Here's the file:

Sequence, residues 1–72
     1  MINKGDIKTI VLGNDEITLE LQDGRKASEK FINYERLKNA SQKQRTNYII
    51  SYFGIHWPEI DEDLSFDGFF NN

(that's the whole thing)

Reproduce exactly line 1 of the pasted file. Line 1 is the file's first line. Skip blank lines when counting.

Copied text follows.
Sequence, residues 1–72